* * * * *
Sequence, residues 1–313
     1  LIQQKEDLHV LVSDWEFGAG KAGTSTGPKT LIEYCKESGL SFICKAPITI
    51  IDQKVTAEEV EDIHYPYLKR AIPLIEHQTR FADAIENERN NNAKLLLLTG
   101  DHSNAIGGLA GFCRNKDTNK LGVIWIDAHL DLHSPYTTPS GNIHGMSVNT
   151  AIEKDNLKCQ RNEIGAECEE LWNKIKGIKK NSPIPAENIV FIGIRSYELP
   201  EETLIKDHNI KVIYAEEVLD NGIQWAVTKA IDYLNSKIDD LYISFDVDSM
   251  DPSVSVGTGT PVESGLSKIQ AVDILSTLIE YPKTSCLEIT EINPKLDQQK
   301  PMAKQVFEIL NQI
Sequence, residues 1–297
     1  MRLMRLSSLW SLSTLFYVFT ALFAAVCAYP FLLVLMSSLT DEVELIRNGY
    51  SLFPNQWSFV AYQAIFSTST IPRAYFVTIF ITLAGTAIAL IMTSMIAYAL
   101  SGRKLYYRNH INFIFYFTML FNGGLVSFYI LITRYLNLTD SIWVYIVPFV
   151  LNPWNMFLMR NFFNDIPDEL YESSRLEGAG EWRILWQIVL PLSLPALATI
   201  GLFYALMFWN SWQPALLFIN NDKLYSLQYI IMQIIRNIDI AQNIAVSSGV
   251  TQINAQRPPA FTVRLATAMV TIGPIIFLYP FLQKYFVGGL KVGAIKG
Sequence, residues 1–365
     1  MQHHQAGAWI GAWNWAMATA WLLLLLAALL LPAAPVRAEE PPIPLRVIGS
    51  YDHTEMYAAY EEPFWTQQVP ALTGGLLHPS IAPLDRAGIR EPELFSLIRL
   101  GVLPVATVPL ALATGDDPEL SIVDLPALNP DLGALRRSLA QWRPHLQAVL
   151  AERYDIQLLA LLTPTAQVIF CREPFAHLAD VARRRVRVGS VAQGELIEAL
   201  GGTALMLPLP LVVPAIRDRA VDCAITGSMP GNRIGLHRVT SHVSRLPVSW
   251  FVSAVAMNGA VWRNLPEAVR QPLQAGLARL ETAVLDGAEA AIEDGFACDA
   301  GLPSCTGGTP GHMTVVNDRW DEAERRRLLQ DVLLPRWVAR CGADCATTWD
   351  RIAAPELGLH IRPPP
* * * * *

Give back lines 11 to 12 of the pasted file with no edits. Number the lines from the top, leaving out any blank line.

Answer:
    51  SLFPNQWSFV AYQAIFSTST IPRAYFVTIF ITLAGTAIAL IMTSMIAYAL
   101  SGRKLYYRNH INFIFYFTML FNGGLVSFYI LITRYLNLTD SIWVYIVPFV